The department continues to prioritize case investigations to prevent outbreaks. In addition to the need for people to answer the call from a case investigator, Pennsylvanians should continue to take steps to prevent the spread of COVID-19.

Of the 25,098 cases reported April 18 – April 24 and excluding Philadelphia County residents and those who answered the digital case investigation, 15.1 percent (3,782) of respondents provided an answer to the question as to whether they spent time at a business establishment.

Of the 25,098 cases, 15.1 percent (3,799) answered the question as to whether they attended a mass gathering or other large event. Of the 15.1 percent of cases, 10.7 percent (407) answered yes to whether they attended a mass gathering or other large event 14 days prior to onset of symptoms.

Compared to data reported on April 26, this week’s data saw an increase for people who reported going to some other business (35 percent vs. 30 percent last week). The data saw a decrease for people who reported going to a restaurant (42 percent vs. 45 percent last week) and those going to the bar (10 percent vs. 12 percent last week). The number of those going to a salon/barbershop (7 percent vs. 7 percent last week) and going to the gym (12 percent vs.12 percent last week) remained the same.

The number of those who attended a mass gathering or other large event decreased from 11.3 to 10.7 percent compared to last week.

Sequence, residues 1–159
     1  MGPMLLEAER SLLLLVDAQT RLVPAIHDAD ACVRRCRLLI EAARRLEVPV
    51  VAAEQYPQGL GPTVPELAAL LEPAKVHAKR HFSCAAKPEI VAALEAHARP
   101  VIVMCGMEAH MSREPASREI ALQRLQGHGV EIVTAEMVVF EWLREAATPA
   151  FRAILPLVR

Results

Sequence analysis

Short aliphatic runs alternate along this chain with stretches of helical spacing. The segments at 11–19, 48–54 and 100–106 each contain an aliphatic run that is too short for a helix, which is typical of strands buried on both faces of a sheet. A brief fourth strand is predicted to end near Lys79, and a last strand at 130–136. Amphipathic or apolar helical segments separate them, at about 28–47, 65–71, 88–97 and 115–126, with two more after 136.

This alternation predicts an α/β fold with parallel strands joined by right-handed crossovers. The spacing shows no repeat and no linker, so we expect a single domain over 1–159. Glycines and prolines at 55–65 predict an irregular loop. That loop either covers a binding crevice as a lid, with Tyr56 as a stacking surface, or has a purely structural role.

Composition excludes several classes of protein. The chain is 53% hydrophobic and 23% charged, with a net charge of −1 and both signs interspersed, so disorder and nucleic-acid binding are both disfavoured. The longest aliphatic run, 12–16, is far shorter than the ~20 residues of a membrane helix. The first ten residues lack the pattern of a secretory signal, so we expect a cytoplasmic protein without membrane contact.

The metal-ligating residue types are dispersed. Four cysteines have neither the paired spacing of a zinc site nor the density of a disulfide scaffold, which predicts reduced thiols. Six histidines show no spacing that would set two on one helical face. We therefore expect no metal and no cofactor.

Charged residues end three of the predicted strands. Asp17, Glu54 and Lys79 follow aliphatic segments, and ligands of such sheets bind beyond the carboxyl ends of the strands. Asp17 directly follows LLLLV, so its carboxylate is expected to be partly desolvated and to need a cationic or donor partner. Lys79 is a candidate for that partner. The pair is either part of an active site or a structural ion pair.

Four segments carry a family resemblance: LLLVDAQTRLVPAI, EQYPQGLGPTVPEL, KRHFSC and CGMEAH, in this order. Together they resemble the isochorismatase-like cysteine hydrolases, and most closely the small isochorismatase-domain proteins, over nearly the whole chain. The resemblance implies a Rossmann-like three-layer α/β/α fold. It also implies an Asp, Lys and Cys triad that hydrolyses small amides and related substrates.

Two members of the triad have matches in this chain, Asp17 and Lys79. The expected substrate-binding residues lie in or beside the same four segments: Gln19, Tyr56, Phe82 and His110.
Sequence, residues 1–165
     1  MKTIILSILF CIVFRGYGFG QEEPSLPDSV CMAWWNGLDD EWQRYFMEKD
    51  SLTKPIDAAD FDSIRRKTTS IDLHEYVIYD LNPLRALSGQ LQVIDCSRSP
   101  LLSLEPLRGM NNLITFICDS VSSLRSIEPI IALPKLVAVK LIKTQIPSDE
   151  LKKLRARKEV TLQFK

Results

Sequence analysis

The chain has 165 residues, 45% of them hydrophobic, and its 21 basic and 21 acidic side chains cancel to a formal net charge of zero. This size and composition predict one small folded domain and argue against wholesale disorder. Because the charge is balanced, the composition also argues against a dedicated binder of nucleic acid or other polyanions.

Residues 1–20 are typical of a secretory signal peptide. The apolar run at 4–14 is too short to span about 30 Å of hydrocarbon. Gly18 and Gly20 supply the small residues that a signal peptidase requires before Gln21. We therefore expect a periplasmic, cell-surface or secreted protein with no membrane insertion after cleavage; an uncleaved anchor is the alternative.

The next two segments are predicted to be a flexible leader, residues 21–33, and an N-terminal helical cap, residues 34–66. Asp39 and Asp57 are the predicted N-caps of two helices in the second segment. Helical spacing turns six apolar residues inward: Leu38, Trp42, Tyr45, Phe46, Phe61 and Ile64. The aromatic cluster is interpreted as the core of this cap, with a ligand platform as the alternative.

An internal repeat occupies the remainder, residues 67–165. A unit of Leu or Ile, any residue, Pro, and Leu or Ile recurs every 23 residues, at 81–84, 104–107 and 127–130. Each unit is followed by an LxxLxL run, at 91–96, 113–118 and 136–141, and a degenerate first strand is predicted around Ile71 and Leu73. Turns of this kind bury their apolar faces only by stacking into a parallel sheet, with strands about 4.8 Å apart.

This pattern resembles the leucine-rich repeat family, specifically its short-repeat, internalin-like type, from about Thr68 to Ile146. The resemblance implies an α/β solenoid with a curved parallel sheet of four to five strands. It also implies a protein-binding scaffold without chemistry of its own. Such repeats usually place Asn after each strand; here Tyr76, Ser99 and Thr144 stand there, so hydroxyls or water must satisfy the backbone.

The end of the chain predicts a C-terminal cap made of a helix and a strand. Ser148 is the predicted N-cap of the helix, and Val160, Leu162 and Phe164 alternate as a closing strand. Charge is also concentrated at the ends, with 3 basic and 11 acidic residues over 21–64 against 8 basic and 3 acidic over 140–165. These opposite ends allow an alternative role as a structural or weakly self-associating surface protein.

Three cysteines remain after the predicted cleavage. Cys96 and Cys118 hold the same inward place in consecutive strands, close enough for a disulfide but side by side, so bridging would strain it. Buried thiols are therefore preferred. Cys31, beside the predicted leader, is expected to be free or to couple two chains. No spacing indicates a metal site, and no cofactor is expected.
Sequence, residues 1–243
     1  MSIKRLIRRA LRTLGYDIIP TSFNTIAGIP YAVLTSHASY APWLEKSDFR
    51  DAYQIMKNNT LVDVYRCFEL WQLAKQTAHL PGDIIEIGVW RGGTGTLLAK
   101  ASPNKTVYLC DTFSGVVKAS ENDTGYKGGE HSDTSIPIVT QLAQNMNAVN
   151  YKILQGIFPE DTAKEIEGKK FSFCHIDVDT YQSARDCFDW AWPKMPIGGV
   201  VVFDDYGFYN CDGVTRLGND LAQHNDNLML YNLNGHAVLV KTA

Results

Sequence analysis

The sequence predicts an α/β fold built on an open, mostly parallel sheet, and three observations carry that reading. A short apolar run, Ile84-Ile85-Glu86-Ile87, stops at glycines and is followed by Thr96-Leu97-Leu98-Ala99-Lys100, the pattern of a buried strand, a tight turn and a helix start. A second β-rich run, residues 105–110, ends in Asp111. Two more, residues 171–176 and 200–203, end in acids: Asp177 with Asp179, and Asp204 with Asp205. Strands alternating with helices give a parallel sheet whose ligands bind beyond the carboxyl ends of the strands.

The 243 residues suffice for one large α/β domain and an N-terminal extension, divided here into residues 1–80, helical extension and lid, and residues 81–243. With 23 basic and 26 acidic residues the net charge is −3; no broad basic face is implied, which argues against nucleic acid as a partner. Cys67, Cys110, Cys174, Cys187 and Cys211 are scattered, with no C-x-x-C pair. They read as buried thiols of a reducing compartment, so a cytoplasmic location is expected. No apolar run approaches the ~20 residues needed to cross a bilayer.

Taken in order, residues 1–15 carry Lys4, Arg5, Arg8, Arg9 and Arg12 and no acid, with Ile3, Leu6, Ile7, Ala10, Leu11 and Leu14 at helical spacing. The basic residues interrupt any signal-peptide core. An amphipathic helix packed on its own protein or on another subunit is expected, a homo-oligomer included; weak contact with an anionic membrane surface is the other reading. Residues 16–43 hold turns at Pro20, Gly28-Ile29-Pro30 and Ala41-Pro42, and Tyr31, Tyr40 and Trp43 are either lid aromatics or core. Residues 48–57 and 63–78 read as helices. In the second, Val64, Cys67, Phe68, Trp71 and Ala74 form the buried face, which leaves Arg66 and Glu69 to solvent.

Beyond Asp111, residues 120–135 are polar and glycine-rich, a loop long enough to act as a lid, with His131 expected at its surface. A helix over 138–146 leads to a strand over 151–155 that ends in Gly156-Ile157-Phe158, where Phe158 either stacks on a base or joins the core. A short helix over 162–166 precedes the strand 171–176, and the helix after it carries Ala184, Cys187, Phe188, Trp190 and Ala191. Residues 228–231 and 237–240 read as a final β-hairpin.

In addition to the traditional case investigation, the Department of Health launched the new Connect & Protect Form as a means to complete a digital case investigation. During the week of April 18 – April 24, there were 1,836 forms completed and returned. Of the 98.6 percent, or 1,811 people, who answered whether they spent time at any business establishment two days before symptom onset or positive collection date if asymptomatic, 10.3 percent, or 189 individuals, individuals answered yes:

  • 27 percent (51) of those who said yes reported going to a restaurant;
  • 3 percent (6) of those who said yes reported going to some other business establishment;
  • 12 percent (23) of those who said yes reported going to a bar;
  • 11 percent (20) of those who said yes reported going to a gym/fitness center; and,
  • 5 percent (10) of those who said yes reported going to a salon/barbershop.

The numbers above highlight business settings and mass gatherings as possible sites for transmission. With less than 10 percent of those asked about what types of businesses they visited or if they attended a mass gathering responding to the question, the department is again reminding Pennsylvanians that it is essential that they answer the phone when case investigators call and to provide full and complete information to these clinical professionals or on the Connect & Protect form the case investigator provides.

Gov. Wolf continues to prioritize the health and safety of all Pennsylvanians through the COVID-19 pandemic. Pennsylvanians should continue to take actions to prevent the spread of COVID-19, regardless of in what county they live. This includes wearing a mask or face covering any time they are in public. COVID-19 has been shown to spread easily in the air and contagious carriers can be asymptomatic. Pennsylvanians are encouraged to wash their hands, social distance, avoid gatherings and download COVID Alert PA.